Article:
It is also noted by some people who have measured PAR for their light, that bulbs with different color temperatures, 6500K and 10000K for example, produce different PAR. For now I think it is hard enough to characterize what a given light fixture produces in PAR vs distance, that the finer points, like color temperature, will just have to wait a few years. The difference in PAR from a 10000K and a 6500K bulb is probably within the uncertainty range for most lights. And, all of this data is from lights operated out in the air, not in a water filled tank, where the difference is also probably within the uncertainty range for most lights.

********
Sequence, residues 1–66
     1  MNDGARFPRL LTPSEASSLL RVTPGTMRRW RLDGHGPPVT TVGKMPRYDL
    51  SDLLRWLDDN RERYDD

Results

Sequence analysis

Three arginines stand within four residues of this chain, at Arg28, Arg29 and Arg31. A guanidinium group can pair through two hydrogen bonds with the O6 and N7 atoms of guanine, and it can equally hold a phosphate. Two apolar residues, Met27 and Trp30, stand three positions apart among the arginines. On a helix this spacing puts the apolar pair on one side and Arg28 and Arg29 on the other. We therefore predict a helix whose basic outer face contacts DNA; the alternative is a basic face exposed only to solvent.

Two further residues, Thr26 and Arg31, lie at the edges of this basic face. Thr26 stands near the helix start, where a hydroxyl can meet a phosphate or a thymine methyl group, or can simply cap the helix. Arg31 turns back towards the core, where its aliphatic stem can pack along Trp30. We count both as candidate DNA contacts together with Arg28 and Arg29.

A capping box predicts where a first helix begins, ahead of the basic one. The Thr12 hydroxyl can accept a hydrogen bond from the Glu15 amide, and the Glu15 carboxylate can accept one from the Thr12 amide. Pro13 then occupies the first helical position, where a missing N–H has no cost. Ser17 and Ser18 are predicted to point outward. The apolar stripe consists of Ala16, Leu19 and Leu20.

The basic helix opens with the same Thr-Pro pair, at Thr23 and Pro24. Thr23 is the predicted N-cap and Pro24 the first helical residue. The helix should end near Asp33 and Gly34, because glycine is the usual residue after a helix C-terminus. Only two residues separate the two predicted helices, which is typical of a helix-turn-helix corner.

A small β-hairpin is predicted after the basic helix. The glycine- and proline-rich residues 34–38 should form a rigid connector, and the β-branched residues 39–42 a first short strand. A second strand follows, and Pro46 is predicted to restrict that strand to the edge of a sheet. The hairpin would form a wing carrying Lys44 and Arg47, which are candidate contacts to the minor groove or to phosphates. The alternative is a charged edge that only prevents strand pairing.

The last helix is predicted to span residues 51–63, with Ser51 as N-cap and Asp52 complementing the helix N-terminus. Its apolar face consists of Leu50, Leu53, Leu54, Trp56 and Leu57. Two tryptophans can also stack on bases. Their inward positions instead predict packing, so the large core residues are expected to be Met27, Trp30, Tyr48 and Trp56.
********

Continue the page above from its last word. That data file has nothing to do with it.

Tonight I was measuring PAR from a screw-in CFL bulb in a dome type reflector. I noticed that on turning on the light the PAR slowly increased for a minute or two, then even more slowly dropped part of the way back. It was an old bulb, so this may be a problem with the bulb's built in ballast. Imagine the error this could introduce if you didn't allow for it.